Alienating users, customers, members, readers

This weeks blog is angry and to the point. The only question is whether or not I should “name names” in terms the parties whose arrogance and stupidity prompted this rant. The obvious reason not to name them is because I might be “burning bridges.” There is actually another, arguably more important reason not to name them. Read on to see what I am so annoyed about and what my thinking is on the question of naming names.

I spend a lot of time in the third world, where I have limited or no access to the internet. I also spend plenty of time in the first world, where I also often have limited or no access to the internet. After all, I am what is called a “travel and culture photographer” which means I am supposed to spend my time out photographing.

What prompted this anger was how a growing number of the forums that I look to for information have recently changed their systems. In the old system, they sent me a daily digest of all the postings, discussions, etc. that were part of a given forum. The new system requires that I sign on and read all of the same postings while on line. Some of the newer systems actually have the arrogance to send me a daily digest telling me about all the “new posts” to a “discussion thread” without telling me what those same posts actually say!

The cold, hard reality is that I spend too much time on-line already and the idea of looking into all these forums is simply too much. It worked very well for me to get the digest once a day and then I could read them at my leisure, no matter where I was regardless of whether I had net access. I used to save up the digests and read them on airplanes (where we used to not have internet access.)

The most egregious offender is the APA (formerly the Advertising Photographers of America who recently changed their name to American Photographic Artists.) They have three great forums that I used to read regularly, since those were a wealth of information. One of the many pleasures of the APA forums was (and still is) that you do not need to be a member of the group to get the valuable information that is shared there. The forums were focused respectively on the business of photography, digital imaging and video for still photographers. Though I occasionally miss them, I actually am happy that I have a bit more free time each day since I am not reading them.

The main forum of the ASMP (the American Society of Media Photographers) the so-called “National” forum, recently made the same move, requiring people like me to sign in to Linked-In just to read the thread of discussion on a given topic. I find the ASMP move particularly egregious since I am a paying member and since their primary allegiance is supposed to be to their membership.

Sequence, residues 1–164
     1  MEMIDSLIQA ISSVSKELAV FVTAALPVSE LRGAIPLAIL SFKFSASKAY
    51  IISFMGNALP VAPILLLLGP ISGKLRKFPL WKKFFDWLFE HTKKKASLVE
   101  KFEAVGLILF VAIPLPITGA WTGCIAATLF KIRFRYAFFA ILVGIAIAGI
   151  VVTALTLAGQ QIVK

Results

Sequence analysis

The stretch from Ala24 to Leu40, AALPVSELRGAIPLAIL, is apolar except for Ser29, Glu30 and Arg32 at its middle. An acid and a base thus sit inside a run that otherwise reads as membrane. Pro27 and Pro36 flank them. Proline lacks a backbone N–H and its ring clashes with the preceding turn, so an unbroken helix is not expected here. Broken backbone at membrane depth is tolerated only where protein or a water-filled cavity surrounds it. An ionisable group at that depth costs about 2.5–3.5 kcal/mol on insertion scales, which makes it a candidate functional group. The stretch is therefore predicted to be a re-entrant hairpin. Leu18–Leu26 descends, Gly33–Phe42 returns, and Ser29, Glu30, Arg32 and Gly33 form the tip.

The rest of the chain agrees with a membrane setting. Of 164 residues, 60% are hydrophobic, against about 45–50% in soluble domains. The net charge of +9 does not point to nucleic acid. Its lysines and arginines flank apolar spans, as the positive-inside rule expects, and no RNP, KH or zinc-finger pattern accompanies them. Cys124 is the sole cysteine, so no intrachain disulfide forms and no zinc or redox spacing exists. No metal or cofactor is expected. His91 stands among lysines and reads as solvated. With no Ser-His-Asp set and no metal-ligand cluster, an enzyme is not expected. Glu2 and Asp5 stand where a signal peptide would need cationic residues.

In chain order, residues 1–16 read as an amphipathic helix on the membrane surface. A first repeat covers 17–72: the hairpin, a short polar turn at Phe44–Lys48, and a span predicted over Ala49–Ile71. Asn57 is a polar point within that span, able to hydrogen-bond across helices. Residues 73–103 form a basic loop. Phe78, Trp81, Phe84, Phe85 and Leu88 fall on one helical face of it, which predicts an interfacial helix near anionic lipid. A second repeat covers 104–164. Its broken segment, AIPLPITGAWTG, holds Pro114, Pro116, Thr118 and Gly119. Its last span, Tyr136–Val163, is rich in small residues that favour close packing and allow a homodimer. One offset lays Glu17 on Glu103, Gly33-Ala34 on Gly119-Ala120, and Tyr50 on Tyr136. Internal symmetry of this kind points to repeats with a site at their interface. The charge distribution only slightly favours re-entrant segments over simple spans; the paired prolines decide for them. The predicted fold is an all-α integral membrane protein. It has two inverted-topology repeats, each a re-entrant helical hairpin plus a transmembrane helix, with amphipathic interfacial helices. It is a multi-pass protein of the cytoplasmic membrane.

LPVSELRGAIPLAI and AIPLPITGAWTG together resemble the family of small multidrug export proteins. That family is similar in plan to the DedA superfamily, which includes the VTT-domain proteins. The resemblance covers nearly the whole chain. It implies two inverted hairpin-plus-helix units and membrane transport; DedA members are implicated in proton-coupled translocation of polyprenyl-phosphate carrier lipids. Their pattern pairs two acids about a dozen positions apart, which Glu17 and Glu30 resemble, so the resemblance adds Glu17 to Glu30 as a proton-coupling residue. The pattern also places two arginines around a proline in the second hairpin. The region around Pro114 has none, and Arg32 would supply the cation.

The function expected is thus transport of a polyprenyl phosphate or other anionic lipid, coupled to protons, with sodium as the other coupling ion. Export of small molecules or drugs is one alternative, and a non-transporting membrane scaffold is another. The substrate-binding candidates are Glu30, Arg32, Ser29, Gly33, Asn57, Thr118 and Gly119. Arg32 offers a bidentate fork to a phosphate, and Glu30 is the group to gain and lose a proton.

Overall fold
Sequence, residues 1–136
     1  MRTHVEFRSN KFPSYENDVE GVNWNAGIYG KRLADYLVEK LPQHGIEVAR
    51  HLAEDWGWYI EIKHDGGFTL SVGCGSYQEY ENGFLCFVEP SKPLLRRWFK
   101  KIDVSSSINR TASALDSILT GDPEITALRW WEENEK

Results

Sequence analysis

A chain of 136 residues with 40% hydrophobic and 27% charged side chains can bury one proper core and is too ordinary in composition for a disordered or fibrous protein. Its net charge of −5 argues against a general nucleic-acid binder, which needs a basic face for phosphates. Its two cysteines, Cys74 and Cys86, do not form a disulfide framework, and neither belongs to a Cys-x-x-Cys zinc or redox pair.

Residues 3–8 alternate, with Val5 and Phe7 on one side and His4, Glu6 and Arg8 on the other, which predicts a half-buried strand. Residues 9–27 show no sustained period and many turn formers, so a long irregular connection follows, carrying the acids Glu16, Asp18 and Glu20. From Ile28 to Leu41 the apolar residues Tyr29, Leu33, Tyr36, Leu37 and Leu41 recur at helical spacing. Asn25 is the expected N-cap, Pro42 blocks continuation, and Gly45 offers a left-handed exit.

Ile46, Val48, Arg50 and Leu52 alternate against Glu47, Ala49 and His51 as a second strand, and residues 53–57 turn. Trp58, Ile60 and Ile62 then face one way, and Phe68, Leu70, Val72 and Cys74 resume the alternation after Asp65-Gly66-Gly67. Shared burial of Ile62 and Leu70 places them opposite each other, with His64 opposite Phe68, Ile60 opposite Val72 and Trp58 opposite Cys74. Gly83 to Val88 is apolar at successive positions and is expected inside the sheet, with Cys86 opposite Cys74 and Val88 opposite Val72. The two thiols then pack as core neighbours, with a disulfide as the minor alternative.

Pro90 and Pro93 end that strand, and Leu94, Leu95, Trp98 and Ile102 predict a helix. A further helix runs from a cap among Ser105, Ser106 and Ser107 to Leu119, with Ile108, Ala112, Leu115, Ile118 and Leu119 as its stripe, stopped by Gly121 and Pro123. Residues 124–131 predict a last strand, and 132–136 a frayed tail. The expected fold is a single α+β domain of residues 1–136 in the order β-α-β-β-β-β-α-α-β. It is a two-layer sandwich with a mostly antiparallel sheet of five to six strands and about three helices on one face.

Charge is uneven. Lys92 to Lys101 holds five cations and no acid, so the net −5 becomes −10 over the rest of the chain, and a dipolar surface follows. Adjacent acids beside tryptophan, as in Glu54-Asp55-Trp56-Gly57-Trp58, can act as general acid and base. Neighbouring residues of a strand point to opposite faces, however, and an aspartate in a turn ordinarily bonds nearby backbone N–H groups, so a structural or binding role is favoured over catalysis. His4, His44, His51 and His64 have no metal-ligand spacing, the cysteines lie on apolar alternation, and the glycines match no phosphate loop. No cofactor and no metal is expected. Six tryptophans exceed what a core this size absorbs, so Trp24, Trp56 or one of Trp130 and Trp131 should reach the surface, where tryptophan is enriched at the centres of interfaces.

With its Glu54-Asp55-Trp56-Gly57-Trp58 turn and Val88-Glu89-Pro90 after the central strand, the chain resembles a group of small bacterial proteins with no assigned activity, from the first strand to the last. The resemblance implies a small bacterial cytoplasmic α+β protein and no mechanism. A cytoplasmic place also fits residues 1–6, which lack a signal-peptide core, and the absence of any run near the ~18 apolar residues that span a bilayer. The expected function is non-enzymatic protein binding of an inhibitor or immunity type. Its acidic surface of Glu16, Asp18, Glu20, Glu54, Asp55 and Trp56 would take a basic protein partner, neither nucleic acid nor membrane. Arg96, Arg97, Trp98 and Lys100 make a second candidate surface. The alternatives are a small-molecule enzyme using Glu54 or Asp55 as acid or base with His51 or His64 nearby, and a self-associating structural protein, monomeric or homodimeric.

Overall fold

My anger is not just at forums. It is at many different types of sites. I was looking at one site recently, which is known for its multimedia journalism. After wasting to much time I wrote them:

I am on a Mac Book Air using Firefox in a hotel with wi-fi in Raleigh, NC. I am not in the third world (though I will be soon.) I have been trying half a dozen times in the last five days to look at your videos and they take forever to start to stream. Just now, to verify, I started to stream a video from The Wells Point at the exact same moment and it ran fine. The point is that you do what far too many people do, you assume the viewer is at the other end of a T-1 line with perfect internet. In the real world, most of us are using crappy wi-fi, on smart phones with limited processor power, etc. My guess is that your videos are beautiful (because they are posted at the highest res possible.) However, if I can’t look at the videos, I can’t comment (or I can’t pay for them which is what you really want me to do.)

I am quite aware that companies like Linked-In and Yahoo want these kinds of closed forums so they can keep our “eyeballs” in their media (advertising) environment. That is their job. It is the job of the trade groups and individuals who run these forums to look out for their readers/members/subscribers.

The argument for naming names is obvious. The argument against is that many of the organizations and groups that read these kinds of complaints and DO NOT see their names mentioned think they are off the hook. Nothing could be further from the truth. They all should be looking at how their technology serves the interests of their readers/subscribers/members/viewers/customers.

By the way, it is not that I am some technophobe or Luddite either. I run two webs sites, blog regularly and use plenty of social media so I am comfortable with technology.

The bottom line is that a kind of pervasive arrogance is taking over many organizations on the web. They mistakenly believe that their members, readers, subscribers, customers or whatever you call us spend our days sitting at the end of T-1 lines (the super fast internet connections,) just waiting for their content. In their minds we sit there glassy eyed, looking forward to digging into their sites for more of what they think of as “important” content. That may be true for other people, but it is not so for me. I like to spend my time being a photographers and not some internet content sink hole.